At a time when Holocaust narratives were expected to be epic tragedies, Ida Landau Fink’s fiction remembered and reimagined the Holocaust with unusual subtlety. Fink studied piano at the Lvov Conservatory until the Germans invaded Poland in 1939 and her family was confined to the Zbarazh ghetto. In 1942 she and her sister escaped, thanks to their non-Jewish appearance and false papers, and remained in Poland throughout the war. In 1957 she left Poland with her family and settled in Israel, where she began learning Hebrew and writing in Polish about the war. She struggled to publish her quiet stories about families eating green apples that would never ripen, or characters imagining the rift with their non-Jewish neighbors in terms of their garden floating away, but finally published her first collection, A Scrap of Time and Other Stories, in 1983 and a novel, The Journey, in 1990. All of her fiction was published first in Polish, with later translations into English and Hebrew. Her work has garnered numerous awards, including the 1985 Anne Frank Prize for Literature, the 1995 Yad Vashem Prize, the 2003 PEN Club Prize, and the 2008 Israel Prize.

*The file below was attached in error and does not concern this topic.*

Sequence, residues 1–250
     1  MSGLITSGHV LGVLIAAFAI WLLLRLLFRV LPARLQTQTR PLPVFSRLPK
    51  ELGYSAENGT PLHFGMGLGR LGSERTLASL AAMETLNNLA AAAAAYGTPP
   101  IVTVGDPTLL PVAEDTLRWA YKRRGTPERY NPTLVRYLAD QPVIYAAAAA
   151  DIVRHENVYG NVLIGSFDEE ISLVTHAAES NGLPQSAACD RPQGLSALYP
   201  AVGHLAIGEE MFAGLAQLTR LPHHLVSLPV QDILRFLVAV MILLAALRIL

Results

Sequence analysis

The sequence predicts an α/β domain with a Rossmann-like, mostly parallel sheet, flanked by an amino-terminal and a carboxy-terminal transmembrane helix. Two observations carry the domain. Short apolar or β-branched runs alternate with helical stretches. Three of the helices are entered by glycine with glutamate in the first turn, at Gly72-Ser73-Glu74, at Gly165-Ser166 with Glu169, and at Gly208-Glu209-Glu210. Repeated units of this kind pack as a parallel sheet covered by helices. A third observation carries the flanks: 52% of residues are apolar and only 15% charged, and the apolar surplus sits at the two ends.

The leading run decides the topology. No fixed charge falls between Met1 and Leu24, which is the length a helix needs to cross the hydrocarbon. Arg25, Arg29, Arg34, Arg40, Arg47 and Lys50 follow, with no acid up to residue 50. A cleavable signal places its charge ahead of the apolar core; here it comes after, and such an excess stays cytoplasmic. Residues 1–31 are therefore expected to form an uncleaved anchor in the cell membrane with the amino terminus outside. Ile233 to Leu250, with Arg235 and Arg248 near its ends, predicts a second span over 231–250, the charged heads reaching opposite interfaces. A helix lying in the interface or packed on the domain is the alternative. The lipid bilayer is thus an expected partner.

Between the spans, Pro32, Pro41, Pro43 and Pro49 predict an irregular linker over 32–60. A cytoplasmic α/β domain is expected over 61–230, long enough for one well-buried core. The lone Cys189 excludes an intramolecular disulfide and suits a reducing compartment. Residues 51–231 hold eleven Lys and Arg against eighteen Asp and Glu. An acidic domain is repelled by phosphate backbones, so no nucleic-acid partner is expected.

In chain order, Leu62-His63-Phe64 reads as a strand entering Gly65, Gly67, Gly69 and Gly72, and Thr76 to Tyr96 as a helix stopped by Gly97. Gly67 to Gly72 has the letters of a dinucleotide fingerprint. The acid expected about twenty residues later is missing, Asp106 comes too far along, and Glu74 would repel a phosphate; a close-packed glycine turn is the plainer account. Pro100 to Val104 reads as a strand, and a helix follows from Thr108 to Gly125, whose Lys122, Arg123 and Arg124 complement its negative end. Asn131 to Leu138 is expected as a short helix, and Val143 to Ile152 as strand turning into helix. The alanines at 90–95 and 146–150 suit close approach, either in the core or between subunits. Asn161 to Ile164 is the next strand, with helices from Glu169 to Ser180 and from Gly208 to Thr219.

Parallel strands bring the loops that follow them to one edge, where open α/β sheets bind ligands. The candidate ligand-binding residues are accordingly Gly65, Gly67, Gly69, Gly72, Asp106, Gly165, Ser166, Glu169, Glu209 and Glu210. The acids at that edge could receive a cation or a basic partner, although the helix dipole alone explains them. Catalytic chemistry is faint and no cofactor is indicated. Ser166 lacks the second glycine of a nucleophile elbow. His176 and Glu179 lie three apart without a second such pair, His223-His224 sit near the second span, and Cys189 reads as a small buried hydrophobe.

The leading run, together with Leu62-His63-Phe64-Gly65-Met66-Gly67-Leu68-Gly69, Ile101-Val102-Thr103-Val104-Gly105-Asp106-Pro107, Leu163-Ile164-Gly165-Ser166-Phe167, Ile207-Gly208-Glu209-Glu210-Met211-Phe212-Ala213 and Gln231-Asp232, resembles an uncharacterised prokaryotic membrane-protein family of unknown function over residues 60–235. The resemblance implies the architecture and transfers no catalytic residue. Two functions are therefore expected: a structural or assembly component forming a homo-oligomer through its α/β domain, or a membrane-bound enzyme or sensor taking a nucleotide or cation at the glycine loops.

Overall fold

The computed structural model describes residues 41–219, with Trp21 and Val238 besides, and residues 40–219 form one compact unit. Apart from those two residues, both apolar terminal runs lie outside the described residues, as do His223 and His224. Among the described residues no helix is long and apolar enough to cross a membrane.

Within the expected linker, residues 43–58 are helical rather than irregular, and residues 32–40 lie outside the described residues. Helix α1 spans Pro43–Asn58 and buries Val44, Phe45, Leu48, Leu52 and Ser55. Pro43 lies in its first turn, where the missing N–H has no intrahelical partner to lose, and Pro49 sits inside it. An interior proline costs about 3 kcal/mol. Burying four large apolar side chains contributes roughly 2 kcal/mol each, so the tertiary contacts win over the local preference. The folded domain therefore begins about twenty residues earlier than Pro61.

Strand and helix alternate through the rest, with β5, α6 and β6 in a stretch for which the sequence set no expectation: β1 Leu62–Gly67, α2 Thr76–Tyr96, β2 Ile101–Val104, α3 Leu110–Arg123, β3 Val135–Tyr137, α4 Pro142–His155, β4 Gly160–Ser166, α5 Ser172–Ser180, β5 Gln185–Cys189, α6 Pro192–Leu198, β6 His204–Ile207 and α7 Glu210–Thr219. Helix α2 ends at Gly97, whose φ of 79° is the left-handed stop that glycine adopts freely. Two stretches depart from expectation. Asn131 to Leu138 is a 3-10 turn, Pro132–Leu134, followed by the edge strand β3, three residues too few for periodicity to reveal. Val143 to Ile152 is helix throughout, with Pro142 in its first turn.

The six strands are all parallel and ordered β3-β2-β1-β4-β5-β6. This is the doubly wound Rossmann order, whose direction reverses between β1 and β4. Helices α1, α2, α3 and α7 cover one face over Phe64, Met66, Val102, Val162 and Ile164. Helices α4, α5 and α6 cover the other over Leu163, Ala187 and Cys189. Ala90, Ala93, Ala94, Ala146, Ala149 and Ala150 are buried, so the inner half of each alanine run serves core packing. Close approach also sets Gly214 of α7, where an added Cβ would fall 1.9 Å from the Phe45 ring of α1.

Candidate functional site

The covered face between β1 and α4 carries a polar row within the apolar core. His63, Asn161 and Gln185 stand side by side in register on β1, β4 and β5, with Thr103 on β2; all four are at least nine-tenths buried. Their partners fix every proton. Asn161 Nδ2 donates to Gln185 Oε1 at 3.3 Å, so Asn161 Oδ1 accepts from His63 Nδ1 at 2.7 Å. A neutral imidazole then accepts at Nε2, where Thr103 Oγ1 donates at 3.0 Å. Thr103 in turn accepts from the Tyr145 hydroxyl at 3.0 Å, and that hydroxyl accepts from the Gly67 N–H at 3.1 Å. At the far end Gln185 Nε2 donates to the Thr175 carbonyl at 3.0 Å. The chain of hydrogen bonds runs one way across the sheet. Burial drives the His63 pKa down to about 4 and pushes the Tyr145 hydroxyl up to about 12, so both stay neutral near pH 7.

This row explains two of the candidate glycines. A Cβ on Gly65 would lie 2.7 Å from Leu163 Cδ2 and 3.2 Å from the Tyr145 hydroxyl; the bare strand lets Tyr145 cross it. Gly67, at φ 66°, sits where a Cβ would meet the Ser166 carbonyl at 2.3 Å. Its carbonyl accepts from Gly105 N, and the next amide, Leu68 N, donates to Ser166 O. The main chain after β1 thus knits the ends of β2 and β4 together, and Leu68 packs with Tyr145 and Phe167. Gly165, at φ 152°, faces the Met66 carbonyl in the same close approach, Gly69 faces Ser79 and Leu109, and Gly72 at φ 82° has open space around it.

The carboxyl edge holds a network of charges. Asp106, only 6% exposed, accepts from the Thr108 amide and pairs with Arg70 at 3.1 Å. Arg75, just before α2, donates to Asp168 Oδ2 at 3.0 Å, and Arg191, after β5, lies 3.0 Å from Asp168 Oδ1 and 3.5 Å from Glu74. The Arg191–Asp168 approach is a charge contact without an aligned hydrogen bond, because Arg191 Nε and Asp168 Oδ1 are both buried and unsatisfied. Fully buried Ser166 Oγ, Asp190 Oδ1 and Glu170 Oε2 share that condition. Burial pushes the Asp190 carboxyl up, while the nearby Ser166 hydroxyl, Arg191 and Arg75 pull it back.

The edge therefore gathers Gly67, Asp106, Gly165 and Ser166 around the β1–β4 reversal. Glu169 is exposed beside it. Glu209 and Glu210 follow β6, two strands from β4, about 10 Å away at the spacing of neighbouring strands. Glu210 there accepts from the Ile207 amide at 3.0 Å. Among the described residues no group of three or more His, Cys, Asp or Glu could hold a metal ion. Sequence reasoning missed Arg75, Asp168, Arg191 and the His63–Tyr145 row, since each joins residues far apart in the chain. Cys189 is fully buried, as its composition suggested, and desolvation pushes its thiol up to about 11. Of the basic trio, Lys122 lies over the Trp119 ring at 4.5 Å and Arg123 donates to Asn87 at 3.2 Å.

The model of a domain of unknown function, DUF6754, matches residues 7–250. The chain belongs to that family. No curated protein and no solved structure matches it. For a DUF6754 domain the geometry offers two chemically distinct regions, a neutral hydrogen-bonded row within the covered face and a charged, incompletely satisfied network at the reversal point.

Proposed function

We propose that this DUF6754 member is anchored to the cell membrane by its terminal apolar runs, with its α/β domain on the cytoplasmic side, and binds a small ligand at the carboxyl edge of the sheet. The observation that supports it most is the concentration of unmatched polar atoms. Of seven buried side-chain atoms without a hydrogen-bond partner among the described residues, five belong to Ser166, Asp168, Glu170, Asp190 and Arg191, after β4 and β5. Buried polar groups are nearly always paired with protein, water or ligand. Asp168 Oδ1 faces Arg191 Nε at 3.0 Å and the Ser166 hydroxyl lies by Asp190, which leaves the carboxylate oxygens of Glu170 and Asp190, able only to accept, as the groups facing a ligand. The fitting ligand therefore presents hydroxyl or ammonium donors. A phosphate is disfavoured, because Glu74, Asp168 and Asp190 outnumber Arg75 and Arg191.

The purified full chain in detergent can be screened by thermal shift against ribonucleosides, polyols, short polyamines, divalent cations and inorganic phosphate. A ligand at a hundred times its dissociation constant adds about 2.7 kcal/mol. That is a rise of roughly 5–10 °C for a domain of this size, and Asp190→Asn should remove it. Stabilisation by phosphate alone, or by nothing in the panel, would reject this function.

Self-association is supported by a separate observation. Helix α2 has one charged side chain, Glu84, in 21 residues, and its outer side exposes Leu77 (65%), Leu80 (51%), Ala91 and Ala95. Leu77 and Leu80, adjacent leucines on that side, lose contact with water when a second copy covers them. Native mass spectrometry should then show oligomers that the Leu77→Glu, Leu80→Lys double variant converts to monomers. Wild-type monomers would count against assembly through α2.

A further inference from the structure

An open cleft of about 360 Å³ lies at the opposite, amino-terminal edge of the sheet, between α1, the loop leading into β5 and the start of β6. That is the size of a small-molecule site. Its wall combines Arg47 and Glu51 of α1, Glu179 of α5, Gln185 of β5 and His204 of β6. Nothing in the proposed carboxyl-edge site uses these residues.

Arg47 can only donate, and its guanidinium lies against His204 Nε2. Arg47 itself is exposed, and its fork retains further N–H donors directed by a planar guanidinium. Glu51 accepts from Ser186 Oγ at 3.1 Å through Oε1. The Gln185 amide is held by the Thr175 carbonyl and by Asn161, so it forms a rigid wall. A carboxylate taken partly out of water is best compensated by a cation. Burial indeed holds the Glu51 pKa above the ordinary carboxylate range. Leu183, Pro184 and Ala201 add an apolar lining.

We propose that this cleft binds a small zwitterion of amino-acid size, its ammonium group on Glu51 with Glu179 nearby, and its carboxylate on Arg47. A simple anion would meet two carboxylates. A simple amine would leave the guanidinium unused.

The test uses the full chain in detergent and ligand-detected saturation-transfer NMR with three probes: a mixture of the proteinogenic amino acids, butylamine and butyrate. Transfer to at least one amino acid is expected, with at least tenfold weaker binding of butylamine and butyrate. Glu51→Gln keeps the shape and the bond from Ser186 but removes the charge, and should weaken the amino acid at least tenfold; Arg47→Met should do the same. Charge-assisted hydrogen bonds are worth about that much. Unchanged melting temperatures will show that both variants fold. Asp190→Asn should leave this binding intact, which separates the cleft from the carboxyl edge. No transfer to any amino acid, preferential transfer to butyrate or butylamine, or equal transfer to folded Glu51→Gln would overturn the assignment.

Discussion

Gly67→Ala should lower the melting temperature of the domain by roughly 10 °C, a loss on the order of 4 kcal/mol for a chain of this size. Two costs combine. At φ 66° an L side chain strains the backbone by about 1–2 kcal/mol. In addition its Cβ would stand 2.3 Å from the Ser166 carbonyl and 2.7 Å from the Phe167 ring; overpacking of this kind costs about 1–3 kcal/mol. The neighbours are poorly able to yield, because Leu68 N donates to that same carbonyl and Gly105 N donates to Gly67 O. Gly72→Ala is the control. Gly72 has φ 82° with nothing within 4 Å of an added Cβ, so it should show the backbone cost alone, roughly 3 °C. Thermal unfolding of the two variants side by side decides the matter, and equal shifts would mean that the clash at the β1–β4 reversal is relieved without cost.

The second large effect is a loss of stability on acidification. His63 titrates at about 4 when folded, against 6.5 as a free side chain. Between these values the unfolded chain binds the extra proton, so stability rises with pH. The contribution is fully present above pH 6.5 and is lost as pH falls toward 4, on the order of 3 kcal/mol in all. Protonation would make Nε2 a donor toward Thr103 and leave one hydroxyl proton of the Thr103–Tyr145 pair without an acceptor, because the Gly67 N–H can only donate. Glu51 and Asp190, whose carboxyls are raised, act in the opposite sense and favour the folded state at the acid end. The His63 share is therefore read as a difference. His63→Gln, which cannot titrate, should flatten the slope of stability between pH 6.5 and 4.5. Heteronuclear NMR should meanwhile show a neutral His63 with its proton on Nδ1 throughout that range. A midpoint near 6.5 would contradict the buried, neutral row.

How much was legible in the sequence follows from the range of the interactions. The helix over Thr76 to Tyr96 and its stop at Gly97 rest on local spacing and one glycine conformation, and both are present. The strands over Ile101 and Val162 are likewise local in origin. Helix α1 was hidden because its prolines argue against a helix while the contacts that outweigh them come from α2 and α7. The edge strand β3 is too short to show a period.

How to cite this page
Jewish Women's Archive. "Ida Fink." (Viewed on August 22, 2019) <https://jwa.org/people/fink-ida>.